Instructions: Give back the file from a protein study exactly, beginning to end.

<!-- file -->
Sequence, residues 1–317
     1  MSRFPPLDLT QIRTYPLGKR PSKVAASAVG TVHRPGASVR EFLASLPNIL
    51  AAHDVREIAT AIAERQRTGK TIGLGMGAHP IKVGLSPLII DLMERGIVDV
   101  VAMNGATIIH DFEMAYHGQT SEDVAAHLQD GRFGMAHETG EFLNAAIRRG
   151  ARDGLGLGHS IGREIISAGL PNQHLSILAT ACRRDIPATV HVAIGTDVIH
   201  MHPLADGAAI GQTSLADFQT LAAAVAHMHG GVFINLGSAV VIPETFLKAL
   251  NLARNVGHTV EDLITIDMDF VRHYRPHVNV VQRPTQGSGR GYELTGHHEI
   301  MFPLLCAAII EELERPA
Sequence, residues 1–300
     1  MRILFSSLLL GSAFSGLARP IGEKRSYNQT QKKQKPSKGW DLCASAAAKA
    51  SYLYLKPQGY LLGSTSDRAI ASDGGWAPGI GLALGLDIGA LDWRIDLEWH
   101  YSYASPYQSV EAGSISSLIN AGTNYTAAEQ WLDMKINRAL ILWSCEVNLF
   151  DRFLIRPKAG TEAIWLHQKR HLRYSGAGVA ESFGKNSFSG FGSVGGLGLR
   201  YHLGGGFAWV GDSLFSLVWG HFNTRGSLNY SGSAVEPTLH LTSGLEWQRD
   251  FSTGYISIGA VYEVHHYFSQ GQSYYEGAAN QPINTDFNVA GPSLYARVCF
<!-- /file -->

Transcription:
Sequence, residues 1–317
     1  MSRFPPLDLT QIRTYPLGKR PSKVAASAVG TVHRPGASVR EFLASLPNIL
    51  AAHDVREIAT AIAERQRTGK TIGLGMGAHP IKVGLSPLII DLMERGIVDV
   101  VAMNGATIIH DFEMAYHGQT SEDVAAHLQD GRFGMAHETG EFLNAAIRRG
   151  ARDGLGLGHS IGREIISAGL PNQHLSILAT ACRRDIPATV HVAIGTDVIH
   201  MHPLADGAAI GQTSLADFQT LAAAVAHMHG GVFINLGSAV VIPETFLKAL
   251  NLARNVGHTV EDLITIDMDF VRHYRPHVNV VQRPTQGSGR GYELTGHHEI
   301  MFPLLCAAII EELERPA
Sequence, residues 1–300
     1  MRILFSSLLL GSAFSGLARP IGEKRSYNQT QKKQKPSKGW DLCASAAAKA
    51  SYLYLKPQGY LLGSTSDRAI ASDGGWAPGI GLALGLDIGA LDWRIDLEWH
   101  YSYASPYQSV EAGSISSLIN AGTNYTAAEQ WLDMKINRAL ILWSCEVNLF
   151  DRFLIRPKAG TEAIWLHQKR HLRYSGAGVA ESFGKNSFSG FGSVGGLGLR
   201  YHLGGGFAWV GDSLFSLVWG HFNTRGSLNY SGSAVEPTLH LTSGLEWQRD
   251  FSTGYISIGA VYEVHHYFSQ GQSYYEGAAN QPINTDFNVA GPSLYARVCF